How the University of Wyoming is changing the commodity’s narrative.
By Scott Quillinan, senior director of research, School of Energy Resources, University of Wyoming
The state of Wyoming is a significant energy producer with its Powder River Basin (PRB) providing more than 40% of the coal produced in the United States. In 2021, the Wyoming coal industry mined roughly 239 million short tons of coal, which was shipped to power plants in 29 states and used in 113 coal-fired electricity generation units.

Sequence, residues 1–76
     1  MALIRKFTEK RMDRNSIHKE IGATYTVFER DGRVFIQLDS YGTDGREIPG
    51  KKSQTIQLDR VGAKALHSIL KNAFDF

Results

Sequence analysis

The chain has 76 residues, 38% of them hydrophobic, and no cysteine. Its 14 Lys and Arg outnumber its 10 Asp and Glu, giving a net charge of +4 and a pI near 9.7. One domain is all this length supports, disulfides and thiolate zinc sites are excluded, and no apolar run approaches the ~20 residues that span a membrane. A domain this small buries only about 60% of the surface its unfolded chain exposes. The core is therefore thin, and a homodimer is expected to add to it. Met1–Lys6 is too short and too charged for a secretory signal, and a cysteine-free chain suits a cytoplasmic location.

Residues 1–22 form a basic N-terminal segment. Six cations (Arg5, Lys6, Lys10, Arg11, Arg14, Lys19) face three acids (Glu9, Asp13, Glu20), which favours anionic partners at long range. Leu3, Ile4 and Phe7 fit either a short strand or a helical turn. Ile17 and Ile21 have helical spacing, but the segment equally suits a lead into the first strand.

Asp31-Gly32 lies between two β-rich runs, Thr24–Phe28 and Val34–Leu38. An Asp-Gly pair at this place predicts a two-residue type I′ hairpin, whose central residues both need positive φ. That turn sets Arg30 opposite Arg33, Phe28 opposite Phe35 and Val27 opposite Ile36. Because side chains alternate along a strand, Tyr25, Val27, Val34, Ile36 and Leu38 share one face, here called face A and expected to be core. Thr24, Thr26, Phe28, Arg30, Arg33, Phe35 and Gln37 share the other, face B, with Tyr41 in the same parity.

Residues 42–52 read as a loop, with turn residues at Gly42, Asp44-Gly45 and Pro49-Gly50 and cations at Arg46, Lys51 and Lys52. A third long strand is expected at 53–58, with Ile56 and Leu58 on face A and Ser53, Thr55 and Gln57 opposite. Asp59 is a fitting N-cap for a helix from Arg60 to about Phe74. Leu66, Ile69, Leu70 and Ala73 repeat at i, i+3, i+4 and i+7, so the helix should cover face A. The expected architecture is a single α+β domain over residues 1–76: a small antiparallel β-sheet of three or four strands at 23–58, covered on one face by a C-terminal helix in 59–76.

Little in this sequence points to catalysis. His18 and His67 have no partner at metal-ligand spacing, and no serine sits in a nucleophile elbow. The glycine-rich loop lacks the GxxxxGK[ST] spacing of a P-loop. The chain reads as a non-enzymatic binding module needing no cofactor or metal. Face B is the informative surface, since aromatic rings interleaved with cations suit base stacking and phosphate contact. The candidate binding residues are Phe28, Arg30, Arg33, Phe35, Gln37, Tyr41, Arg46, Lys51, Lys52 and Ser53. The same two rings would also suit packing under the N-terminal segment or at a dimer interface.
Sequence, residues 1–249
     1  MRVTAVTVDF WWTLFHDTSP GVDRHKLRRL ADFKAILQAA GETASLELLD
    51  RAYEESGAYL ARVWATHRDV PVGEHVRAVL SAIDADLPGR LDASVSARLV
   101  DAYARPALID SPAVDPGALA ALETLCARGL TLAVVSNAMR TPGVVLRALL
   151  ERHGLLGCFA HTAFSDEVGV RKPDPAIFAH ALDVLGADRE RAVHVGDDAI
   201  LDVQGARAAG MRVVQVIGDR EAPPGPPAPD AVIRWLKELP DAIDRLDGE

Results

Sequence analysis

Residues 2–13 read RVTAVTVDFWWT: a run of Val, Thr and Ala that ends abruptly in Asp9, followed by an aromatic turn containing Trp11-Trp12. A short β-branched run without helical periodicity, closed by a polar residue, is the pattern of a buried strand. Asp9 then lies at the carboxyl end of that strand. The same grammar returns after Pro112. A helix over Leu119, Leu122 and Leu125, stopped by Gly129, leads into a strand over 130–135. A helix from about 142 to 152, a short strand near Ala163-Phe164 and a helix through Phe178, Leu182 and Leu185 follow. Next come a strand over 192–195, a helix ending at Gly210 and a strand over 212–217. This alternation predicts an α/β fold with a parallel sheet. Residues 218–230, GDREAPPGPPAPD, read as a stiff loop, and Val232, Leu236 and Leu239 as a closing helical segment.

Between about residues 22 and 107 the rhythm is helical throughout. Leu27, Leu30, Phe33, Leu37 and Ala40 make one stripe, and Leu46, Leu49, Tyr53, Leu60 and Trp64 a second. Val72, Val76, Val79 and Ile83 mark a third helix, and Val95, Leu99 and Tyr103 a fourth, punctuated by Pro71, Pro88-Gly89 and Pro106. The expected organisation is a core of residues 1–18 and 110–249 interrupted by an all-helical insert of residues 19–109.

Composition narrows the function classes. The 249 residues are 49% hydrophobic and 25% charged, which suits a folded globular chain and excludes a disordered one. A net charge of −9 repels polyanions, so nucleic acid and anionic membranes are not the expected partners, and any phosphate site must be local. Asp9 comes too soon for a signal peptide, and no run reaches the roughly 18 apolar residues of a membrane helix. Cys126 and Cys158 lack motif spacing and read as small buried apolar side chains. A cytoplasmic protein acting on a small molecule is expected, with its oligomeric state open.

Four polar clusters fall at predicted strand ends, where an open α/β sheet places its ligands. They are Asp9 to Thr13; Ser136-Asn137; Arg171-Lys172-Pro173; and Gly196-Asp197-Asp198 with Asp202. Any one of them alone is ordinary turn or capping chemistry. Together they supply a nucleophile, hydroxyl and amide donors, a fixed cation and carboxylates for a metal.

In 2008, coal production out of the Power River Basin peaked at 496 million short tons. Since then, there has been a decline in coal production, mainly attributed to fuel switching to cost-competitive natural gas.
Coal can be a great resource for the energy industry- it is abundant, relatively inexpensive and, when burned is an excellent source of energy. As a unique geologic material, it has a high carbon content and includes seams in the subsurface, which are laterally extensive, meaning the seams can trap and retain metals like rare earth elements. When coal is burned, the carbon is oxidized into carbon dioxide.
Read the full article from North America Mining Magazine, here.